Evil Takes Many Forms
I adore this film; which may come as a surprise. Regular readers will know that I don’t review a lot of horror films because it’s the one aspect of cinema that I genuinely don’t enjoy. But this fact is actually a slight inaccuracy as the thing about horrors I don’t enjoy is the constant utilization of jump scares. The Witch, on the other hand, is an extremely smart horror film that preys on tension, suspense and unease through the use of gut-wrenching sound, wailing music, masterful performances and subtle visuals.
Set in New England in the 1630’s, a family of puritanical Christians are expelled from their community for their doctrinal interpretation of the town’s running. Eventually the group settle far from the plantation, in a clearing near a thick forest and start their new life. The family is made up of six members (William, Katherine and their four children Thomasin, Caleb, Mercy and Jonas) but a seventh is born. One day whilst playing with her new youngest sibling, Thomasin [Taylor-Joy] loses sight of baby Samuel and he vanishes. The family are distraught, Katherine [Dickie] moreso than the others, who fervently believes that her unbaptised baby is in hell. With the crops failing, William [Ineson] and his eldest son Caleb [Scrimshaw] set out into the woods to hunt for food. Unfortunately they return empty handed. Back at the homestead, the two youngest siblings, twins Mercy and Jonas [Ellie Grainger and Lucas Dawson], are running wild tormenting a black ram they dub Black Phillip. With food a sparse commodity and fear of what lies in the woods growing, the family unit breaks down and slowly turns on each other, accusing one another of consorting with the devil and a witch who lives in the woods.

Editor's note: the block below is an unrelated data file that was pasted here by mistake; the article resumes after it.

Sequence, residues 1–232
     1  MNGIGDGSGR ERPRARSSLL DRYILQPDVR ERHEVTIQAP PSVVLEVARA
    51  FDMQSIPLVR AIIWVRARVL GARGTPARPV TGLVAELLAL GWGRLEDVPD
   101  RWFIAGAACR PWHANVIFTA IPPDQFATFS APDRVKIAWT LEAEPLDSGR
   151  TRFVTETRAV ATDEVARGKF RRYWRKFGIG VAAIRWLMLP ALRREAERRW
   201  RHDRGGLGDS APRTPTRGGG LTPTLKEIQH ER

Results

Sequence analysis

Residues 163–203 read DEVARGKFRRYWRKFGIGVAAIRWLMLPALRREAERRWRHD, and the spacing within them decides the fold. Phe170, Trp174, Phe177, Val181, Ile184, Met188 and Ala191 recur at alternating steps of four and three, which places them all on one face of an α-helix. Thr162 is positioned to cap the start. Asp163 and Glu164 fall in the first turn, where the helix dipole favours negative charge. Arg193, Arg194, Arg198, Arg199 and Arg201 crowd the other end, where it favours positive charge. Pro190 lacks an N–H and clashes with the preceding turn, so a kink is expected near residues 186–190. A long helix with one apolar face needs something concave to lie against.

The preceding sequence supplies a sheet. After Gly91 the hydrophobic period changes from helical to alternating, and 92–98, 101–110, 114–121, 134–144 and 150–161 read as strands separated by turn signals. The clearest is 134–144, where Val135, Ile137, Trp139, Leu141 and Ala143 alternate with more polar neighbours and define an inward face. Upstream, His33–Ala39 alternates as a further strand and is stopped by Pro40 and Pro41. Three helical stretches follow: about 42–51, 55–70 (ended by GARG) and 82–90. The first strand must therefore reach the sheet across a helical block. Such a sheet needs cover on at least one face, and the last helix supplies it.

Every single individual component is stellar. The cinematography is beautiful and continuously framed wonderfully. The setting is claustrophobic, haunting and looming; a fact cemented by the choice to shoot with a 1:1.66 aspect ratio. Much like The Revenant natural and available light have been utilized well to ensure a very real look, which also serves to highlight the exemplary production design work on the set, props and costumes. The editing is brilliant, maintaining a slow-burn suspense from start to finish, as is the invasive and unsettling audio work. And then we have the acting. Any time your story relies heavily on the performances of children you put the film in immediate jeopardy of being labelled amateur. Thankfully everyone involved, from Inseon and Dickie to all the children and even that fucking evil goat bastard are captivating. The script is penned in unfamiliar inflections and structures and being able to convey everything within the plot as well as making the dialogue sound natural is an example of extreme talent. All-in-all, this film is the epitome of mature cinema. It’s not a cash-grab sexfest with beautiful nubile teens running around screaming as they are hunted by some unseen menace, it’s a sophisticated exploration of fear and madness presented in a way only cinema can deliver.